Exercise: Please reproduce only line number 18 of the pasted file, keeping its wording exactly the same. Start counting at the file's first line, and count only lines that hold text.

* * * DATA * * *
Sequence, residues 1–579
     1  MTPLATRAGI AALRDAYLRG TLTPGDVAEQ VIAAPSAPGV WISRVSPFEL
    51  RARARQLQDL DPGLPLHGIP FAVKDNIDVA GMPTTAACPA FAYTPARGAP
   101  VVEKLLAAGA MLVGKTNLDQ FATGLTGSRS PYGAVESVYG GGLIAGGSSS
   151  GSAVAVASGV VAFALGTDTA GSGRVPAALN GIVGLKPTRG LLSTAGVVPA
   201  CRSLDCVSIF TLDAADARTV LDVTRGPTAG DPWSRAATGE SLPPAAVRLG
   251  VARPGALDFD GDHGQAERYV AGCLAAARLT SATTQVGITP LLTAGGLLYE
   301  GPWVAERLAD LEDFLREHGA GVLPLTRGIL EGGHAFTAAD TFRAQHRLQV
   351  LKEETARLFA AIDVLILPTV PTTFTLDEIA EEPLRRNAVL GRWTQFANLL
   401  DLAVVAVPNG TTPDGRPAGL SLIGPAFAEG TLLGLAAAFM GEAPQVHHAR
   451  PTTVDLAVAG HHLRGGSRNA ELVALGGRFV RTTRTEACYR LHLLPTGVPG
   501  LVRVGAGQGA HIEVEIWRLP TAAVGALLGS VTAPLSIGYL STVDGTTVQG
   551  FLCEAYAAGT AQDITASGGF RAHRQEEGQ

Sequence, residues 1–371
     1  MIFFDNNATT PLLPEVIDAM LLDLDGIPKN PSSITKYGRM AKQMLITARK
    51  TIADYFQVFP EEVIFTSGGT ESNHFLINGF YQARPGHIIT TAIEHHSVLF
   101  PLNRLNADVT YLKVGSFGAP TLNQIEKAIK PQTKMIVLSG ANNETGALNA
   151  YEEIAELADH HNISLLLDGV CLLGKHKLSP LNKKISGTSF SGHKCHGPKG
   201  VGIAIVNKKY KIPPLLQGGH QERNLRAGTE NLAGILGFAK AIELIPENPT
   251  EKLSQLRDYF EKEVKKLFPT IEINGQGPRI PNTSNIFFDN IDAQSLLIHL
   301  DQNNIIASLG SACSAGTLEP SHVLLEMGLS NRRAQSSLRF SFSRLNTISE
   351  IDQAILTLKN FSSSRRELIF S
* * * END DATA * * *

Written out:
   151  YEEIAELADH HNISLLLDGV CLLGKHKLSP LNKKISGTSF SGHKCHGPKG